IntroductionPlant growth and development are tightly regulated in response to many endogenous and environmental signals by genetic and cellular programs that determine plant form. As sessile organisms, plants need to efficiently organize various cellular events to cope with the ever-changing surrounding environment [1–3]. Among various cellular events, gene transcription and mRNA splicing play essential roles during plant growth and development as well as during the interaction of the plant with its surrounding environment [4–6]. Dysfunction in gene transcription and mRNA splicing causes dramatic defects in development and environmental adaptation in plants [7–11]. Therefore, it is important to understand how plants tightly and efficiently control gene transcription and mRNA splicing in response to various internal and external cues.
The nucleus contains a dynamic mix of nonmembranous subcompartments, including the nucleolus, nuclear speckles, paraspeckles, Cajal bodies, nuclear stress bodies, histone locus bodies, and the perinuclear compartment [12–14]. The absence of a surrounding membrane enables those subcompartments to assemble or disassemble rapidly following alterations in the cell’s environment and in response to intracellular signals [15–20]. Subnuclear compartmentalization might be especially important in mediating rapid changes in gene transcription and mRNA splicing in response to intrinsic and environmental variations, as proteins associated with transcription and mRNA splicing are often localized to nuclear speckles or dots [21,22]. Those proteins often exhibit multivalent features that are contributed by repetitive folded domains and/or disordered regions (also referred to as intrinsically disordered protein regions [IDRs]) , and they are able to undergo liquid-liquid phase separation (LLPS). Indeed, such proteins have been implicated in the regulation of gene transcription and mRNA splicing in different organisms [24–29]. However, it remains largely unknown how and to what extent LLPS of these proteins is linked to gene transcription and mRNA splicing.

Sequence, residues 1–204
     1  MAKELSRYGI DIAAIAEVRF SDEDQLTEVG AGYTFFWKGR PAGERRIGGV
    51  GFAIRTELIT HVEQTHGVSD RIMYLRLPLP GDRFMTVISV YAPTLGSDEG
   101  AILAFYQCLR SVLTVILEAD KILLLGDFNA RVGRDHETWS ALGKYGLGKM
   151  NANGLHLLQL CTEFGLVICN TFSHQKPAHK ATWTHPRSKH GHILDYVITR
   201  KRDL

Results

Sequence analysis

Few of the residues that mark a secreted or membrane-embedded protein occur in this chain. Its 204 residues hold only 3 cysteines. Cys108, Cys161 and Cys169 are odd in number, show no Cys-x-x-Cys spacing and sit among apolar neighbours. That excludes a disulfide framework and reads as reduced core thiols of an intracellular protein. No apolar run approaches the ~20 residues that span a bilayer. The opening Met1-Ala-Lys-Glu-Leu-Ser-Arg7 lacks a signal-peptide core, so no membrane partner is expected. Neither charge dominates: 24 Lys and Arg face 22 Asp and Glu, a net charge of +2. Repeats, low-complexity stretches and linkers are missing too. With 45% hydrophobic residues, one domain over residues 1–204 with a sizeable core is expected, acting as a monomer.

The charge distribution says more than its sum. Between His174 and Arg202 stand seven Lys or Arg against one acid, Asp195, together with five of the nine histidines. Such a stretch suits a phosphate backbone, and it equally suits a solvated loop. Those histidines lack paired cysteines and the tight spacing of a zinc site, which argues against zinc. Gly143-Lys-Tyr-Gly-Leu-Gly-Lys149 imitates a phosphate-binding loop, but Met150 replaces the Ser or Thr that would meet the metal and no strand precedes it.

Polycomb group (PcG) proteins have been implicated in the regulation of transcription to establish and maintain specific gene expression patterns to drive organismal development. PcG proteins form multisubunit protein complexes, such as Polycomb Repressive Complex 1 (PRC1) and PRC2. PRC2 is recruited to target genes and catalyzes the trimethylation of lysine 27 of histone H3 (H3K27me3) . There are four core components of the PRC2 complex, first identified in Drosophila: enhancer of zeste (E[z]); extra sex combs (ESC); suppressor of zeste 12 (Su[z]12); and nucleosome remodeling factor 55-kDa (p55) . Homologues of these four core subunits exist in plants. Specifically, Arabidopsis has three E(z) homologues, CURLY LEAF (CLF), MEDEA (MEA/FIS1), and SWINGER (SWN), which catalyze H3K27me3. In addition, Arabidopsis has three Su(z)12 homologues, EMBRYONIC FLOWER 2 (EMF2), VERNALIZATION 2 (VRN2), and FERTILIZATION INDEPENDENT SEED (FIS2); one Esc homologue, FERTILIZATION INDEPENDENT ENDOSPERM (FIE); and five p55 homologues, MULTIPLE SUPPRESSOR OF IRA 1–5 (MSI1–5). Based on their different subunit compositions, at least three different PRC2-like complexes with distinct functions exist in Arabidopsis: the EMF, VRN, and FIS complexes . Among them, the vegetative EMF complex, which comprises EMF2, FIE, CLF, or SWN and one p55 homologue, has been implicated in the regulation of vegetative development and the transition to flowering in Arabidopsis [33,34]. Biochemical purification of the EMF complex showed that MSI1, but not MSI4, was a core subunit . Nevertheless, MSI4 plays a key role in the regulation of floral transition, which has been linked to the function of the CLF-containing EMF complex (CLF-PRC2) in repressing the expression of FLOWERING LOCUS C (FLC) . MSI4 has also been suggested to play a role in histone deacetylation . Molecular characterization showed that MSI4 is linked to the epigenetic regulation of the FLC locus through its interaction with Cullin 4 (CUL4)–DNA Damage Binding Protein 1 (DDB1) and a CLF-PRC2 complex . Specifically, MSI4 is a WD40 repeat-containing protein with a conserved WDxR motif, which is a typical feature of the previously identified WD40-containing DDB1 and CUL4-associated factors . MSI4 forms a complex with DDB1 and CUL4, named CUL4-DDB1MSI4 . Although CUL4-DDB1 acts in the photoperiod flowering pathway by interacting with the CONSTITUTIVELY PHOTOMORPHOGENIC1 (COP1)–SUPPRESSOR OF PHYA (SPA) complex  to control the abundance of CONSTANS protein [40,41], both CUL4 and MSI4 are required to maintain the level of H3K27me3 on FLC chromatin . It was also demonstrated that CUL4–DDB1MSI4 physically associates with a CLF-PRC2 complex .Therefore, the emerging scenario is that MSI4 forms the CUL4-DDB1MSI4 complex, which physically interacts with CLF-PRC2 to establish and/or maintain the level of H3K27me3 on the FLC locus to control the expression of FLC .